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Introduction to the Presentation of the Book “Blue Planet in Green Shackles” in Tirana

English Pages, 5. 10. 2009

It is my great pleasure to be in Albania for the first time and to have the opportunity to present my book Planeti blu në vargonj të gjelbër here today. We had very friendly and productive talks with President Topi and Prime Minister Berisha this morning and I can assure you that your country has a good friend in the Czech Republic.

I am really glad that this book of mine has – after Czech, English, German, Dutch, Russian, Polish, Spanish, Bulgarian, Italian, French and Slovenian editions – also its Albanian version. I would like to thank all those who helped to make this possible, most of all the Ambassador of Albania to the Czech Republic, Mr. Qazim Tepshi, whose initiative it was to publish this book here in Albania, the Institute of International Relations for publishing the book, and of course Mr. Adriatik Shino, who translated the book into Albanian.  

The original Czech version of the book was published more than two years ago, in May 2007. Having carefully followed what has been happening in these two years in the political arena, in the media, as well as in the scientific community, I am more and more convinced that the topic, the content and the message of the book are as important and as relevant as when it was first published. In the meantime, five weeks ago, I published another book on a similar topic in the Czech language under the title “Blue Planet Endangered”. It is a collection of articles and speeches I wrote after the publication of the “Blue Planet in Green Shackles”. Some arguments are new, but the main message remains basically the same.

I keep saying that the real threat is not global warming itself. The real threat starts when politicians dare manipulate or play with the climate. I tried to express my strong feelings about this already in the subtitle of my book Cila rrezikohet: klima apo liria? My answer to this question is very clear and straightforward: Liria rrezikohet. Klima skon mirë.“ 

A month ago, I attended an international conference in Italy devoted to the same problem. To my surprise, both the moderator of this event and one of the panelists thought that what I suggest in my book is a trade off between climate on one hand and freedom on the other hand, that – according to me – we can have either one or the other. This is not what I’m saying. I am asking what is more endangered due to our activities, the activities of mankind, now. And that is, no doubt, freedom. Climate is OK.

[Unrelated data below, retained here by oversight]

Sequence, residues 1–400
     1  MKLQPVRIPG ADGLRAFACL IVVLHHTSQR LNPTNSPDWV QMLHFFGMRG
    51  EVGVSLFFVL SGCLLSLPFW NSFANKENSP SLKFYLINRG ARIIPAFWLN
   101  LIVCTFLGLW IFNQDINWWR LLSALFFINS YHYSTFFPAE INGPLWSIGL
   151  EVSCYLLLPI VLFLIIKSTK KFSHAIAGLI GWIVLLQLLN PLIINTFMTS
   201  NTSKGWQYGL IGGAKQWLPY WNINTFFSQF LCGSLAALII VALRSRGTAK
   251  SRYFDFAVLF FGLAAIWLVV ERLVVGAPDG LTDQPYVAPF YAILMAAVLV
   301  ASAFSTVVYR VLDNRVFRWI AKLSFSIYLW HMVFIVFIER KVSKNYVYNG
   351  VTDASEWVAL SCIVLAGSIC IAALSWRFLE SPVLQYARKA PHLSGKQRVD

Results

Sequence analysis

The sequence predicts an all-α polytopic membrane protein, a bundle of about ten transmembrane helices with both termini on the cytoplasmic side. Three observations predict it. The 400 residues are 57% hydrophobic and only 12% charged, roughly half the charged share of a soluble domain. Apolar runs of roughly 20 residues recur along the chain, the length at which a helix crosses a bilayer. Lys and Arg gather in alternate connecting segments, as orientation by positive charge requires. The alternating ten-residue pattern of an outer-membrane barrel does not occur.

At another launching of my book, it was in Poland almost a year ago, one participant of the event at the University of Warsaw expressed his basic agreement with my views about the scientific and economic aspects of the issue but asked me where I see the threat to freedom because he doesn’t see it. I tried to tell him that environmentalism, and especially its most extreme version, global warming alarmism, asks for an almost unprecedented expansion of government intrusion, of government intervention into our lives and of government control over them. We are forced to accept rules about how to live, what to do, how to behave, what to consume, what to eat, how to travel and so on. Some of us and some of you had experienced similar examples of that in the communist era and – I believe – we are obliged to do everything we can to avoid similar fate in the future.

I very often see that people confuse two basically different things – a necessary protection of the environment (necessary because there is no doubt that we have to take care of the rivers, lakes, seas, forests and air) and an irrational attempt to fight or to protect the climate. I am very much in favor of rational efforts when it comes to environmental protection, but I resolutely reject any attempts to change or – as I frequently hear – to combat climate.